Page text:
Rosenzweig and Thelen document Americans’ actual relationship with history and their efforts at historymaking. Survey respondents had a relatively high degree of trust in museum exhibits and a willingness to interact with the material…suggesting that people in general would’ve been perfectly capable of viewing a complex and challenging presentation of Enola Gay material without their heads exploding. Growing distrust of celebratory national narratives might have contributed to the popularity of such an exhibit (and compounded its danger to its critics), as might the use of intimate artifacts and the personalization of the Enola Gay’s crew.

Yellis charts another path: creating exhibits that may be unconventional or uncomfortable, but talk about the process of creation. The public might not always find the sausage-making appealing, and the knowledge might shake trust in museums as objective presenters of historical facts, but such an approach might spur useful conversation that Rosenzweig and Thelen suggest Americans crave.

Backstage passes

Discussing Susan Crane’s critique of the Enola Gay controversy (“the unfortunate lesson…was just how little publics know about what historians ‘really do’…”), Yellis suggests that “Museums can start being helpful in this process [helping Americans fight over history] by becoming much clearer about what they think they are doing when they make an exhibition.”

An exhibit should “show” more than “tell”—otherwise why bother with an exhibit rather than an article?—but I like the suggestion of adding meta text, the equivalent of a preface or, perhaps, a bio note. A little bit of transparency and contextualization, to be mulled over at leisure. When I visit museums, I have no idea who designed the exhibits. I don’t have any idea of which chef cooked my meal at a restaurant, either.* I rely on the institution’s brand and genre to tell me if I’m likely to be interested. We have celebrity chefs, but how many celebrity historians? (Honest question. If you did a survey of the public, what names would pop up? And is broad-based name recognition the appropriate way to define celebrity?)

The next question, naturally, is whether we want celebrity historians. Have sixty gazillion cooking reality shows lead to breakthroughs in cuisine? A greater appreciation for the profession among the public? An increase in the number of people aspiring to be a chef? (I’m skeptical about the first, suspect the second may be true, and suspect the third may be true in a less than positive way: there’s a distinction between wanting to be a celebrity something and wanting to do it, and there’s a sharp difference between what happens on television and what happens day to day in the workplace.) Would the personalization increase the public’s interest in the historian’s work? Would it inform their interpretation of it? Would it become a distraction (for the public or the historian)? Would it lead to polarized audiences, selection based upon preconceived notions of the historians’ biases? Would the public be able to more meaningfully contribute to the next History War…or would they merely pick their favorites based on who was more photogenic or had cute biographical details, rather than the most appealing professional approach? (And, if the goal was simply public participation and engagement, would those become legitimate metrics?)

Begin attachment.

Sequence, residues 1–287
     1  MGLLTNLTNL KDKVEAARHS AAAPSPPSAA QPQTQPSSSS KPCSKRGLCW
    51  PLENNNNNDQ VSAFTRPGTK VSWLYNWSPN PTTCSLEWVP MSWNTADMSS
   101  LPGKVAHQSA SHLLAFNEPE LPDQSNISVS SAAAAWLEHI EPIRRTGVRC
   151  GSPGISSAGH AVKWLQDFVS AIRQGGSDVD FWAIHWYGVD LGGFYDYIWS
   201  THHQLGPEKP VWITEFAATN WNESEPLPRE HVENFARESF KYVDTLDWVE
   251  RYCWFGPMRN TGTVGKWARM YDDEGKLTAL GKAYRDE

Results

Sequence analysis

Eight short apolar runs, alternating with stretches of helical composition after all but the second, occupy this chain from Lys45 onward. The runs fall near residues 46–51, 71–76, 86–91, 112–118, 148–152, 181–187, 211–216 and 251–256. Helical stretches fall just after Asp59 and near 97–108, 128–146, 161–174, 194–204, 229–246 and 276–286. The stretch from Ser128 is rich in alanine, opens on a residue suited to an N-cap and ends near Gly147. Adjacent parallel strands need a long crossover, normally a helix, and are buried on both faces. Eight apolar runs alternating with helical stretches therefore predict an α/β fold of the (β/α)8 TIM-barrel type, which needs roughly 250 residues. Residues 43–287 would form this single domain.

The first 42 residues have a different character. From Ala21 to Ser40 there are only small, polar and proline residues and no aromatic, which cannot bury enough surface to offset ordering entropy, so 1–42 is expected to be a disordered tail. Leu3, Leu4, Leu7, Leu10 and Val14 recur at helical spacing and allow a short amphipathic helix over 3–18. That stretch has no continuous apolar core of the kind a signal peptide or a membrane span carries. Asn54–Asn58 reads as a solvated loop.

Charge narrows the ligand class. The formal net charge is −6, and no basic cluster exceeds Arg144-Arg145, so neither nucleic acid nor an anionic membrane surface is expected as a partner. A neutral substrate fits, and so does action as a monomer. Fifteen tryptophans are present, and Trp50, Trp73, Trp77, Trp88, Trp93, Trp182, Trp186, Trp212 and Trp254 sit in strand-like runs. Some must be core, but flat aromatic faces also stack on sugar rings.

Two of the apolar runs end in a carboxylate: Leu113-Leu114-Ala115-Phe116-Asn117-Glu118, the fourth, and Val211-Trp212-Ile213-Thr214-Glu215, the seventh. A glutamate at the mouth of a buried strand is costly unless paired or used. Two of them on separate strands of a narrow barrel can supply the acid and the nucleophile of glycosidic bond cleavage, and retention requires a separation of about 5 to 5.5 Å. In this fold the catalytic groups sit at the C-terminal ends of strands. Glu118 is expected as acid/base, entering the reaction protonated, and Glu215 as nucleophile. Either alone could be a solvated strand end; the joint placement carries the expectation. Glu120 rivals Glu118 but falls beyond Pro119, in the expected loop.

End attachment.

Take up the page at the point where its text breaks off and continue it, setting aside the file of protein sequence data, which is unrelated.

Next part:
This is not actually me being an intellectual snob…not much, anyway. (Okay, I’ll cop to being a snob about reality television.) But as far as assessing experts in other fields, my own metrics are pretty damn squishy: a constellation of reputation, perceived trustworthiness and competence and, yes, whether or not what I’m hearing meshes with my pre-existing worldview. I make the assumption that most other people use similar strategies. This raises all kinds of issues of authority, who is or isn’t qualified to opine on a given topic, and sets my inner democrat and inner intellectual snob at one another’s throats.

* This wouldn’t be the case if, for instance, I went to a better class of restaurant, where I would be paying extra for the brand of the individual, as well as the institution.